Photo gallery: Steam drifter the Lydia Eva to re-open after restoration
It's being billed as the perfect corporate fun day, allowing staff to let off steam.
Stoke the boiler, drive the engine, take the wheel – or do all three.
And as you cruise along the coast between Great Yarmouth, Lowestoft and Southwold you are sure to feel special as you will be navigating the last remaining steam drifter in the world.
The Lydia Eva steamed back into Yarmouth last weekend after a winter in Lowestoft and her enthusiastic band of volunteers is now completing the final jobs on board to ensure she is ship-shape for opening to the public tomorrow.
For the fifth season she will be moored at South Quay, alongside the Town Hall, as a nostalgic reminder of her 1930s herring fishing heyday when 1,000 drifters were registered in Yarmouth and a further 1,000 in Lowestoft.
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Over the summer, more than 5,000 visitors will be welcomed on board to look around the boat and absorb her history from fascinating display panels.
However, the real passion of the volunteers from the Lydia Eva and Mincarlo Charitable Trust is to see her in steam – and they hope to get pulses racing this season with a number of special trips and charters.
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Ship manager John Russell, 67, a retired photographer, said: 'We will be trying to encourage people to join our special trips. We can accommodate a maximum of eight people and the price for a day's sailing will be £175.'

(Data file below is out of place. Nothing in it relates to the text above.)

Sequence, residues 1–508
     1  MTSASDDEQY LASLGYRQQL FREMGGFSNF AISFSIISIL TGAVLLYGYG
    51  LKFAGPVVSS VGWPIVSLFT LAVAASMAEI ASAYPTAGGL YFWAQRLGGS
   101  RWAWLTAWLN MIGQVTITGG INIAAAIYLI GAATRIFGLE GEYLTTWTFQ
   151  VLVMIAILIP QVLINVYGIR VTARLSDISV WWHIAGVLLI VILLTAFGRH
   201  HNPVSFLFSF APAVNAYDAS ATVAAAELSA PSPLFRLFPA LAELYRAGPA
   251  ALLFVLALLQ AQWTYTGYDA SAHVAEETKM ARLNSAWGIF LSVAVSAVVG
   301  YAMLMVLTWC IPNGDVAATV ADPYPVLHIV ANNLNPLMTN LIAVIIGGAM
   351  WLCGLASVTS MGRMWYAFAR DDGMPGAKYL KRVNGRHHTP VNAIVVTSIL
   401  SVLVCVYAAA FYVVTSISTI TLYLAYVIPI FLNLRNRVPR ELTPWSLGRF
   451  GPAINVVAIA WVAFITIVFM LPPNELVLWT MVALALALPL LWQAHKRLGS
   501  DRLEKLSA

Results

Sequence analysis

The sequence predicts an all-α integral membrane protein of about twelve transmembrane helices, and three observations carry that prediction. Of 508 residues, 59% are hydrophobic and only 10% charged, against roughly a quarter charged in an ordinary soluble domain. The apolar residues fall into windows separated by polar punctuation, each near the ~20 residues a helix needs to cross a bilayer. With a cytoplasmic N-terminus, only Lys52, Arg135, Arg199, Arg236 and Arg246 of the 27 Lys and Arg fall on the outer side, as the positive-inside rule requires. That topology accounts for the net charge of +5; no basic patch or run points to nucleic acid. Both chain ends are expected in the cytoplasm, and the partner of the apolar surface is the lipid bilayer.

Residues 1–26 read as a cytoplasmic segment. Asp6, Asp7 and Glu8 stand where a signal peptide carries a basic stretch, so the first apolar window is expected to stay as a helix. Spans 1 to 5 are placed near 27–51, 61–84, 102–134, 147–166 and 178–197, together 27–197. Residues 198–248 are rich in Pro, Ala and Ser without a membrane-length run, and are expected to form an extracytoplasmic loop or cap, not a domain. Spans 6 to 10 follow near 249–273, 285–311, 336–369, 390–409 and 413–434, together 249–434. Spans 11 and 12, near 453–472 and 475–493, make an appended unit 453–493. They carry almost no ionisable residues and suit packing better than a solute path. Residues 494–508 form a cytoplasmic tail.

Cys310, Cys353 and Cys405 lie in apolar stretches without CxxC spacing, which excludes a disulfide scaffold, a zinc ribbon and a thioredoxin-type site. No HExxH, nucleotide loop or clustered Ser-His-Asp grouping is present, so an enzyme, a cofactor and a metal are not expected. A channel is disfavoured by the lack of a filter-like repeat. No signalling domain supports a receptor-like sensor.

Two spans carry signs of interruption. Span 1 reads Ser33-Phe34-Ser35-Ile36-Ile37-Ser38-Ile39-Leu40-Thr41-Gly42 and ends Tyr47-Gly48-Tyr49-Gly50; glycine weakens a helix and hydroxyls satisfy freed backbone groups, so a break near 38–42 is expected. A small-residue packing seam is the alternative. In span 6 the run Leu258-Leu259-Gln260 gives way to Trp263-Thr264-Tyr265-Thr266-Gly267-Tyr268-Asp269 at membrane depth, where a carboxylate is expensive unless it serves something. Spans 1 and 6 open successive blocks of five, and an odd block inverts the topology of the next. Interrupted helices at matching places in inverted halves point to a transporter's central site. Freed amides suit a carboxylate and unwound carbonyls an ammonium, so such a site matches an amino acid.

They will also be offering tailored charters with prices and details on request.
'We think it would be a great team-building exercise. People could do as much as they wanted or just chill out and enjoy the trip,' said Mr Russell.
The trips will provide much needed funding towards the £25,000 needed to maintain the boat annually.
However, Mr Russell stressed that profits would not be great as a return trip to Lowestoft cost about £1,000 in coal. 'We get through a half hundred weight sack of coal in just five to 10 minutes,' he said.
The Lydia Eva was built in King's Lynn in 1930 for Gorleston fishing fleet owner Harry Eastick.
After nearly a decade as a fishing boat, she was in RAF ownership for more than 20 years.
Bought by a charity, she was eventually left to rot in a London dock before Norfolk and Suffolk volunteers campaigned to bring her home to East Anglia in 1989.
A National Lottery grant of more than £800,000 funded the bulk of her restoration and more than £1.2m has now been spent on the vessel.
For more details of private charter contact Mark Waltham on 07889 412333.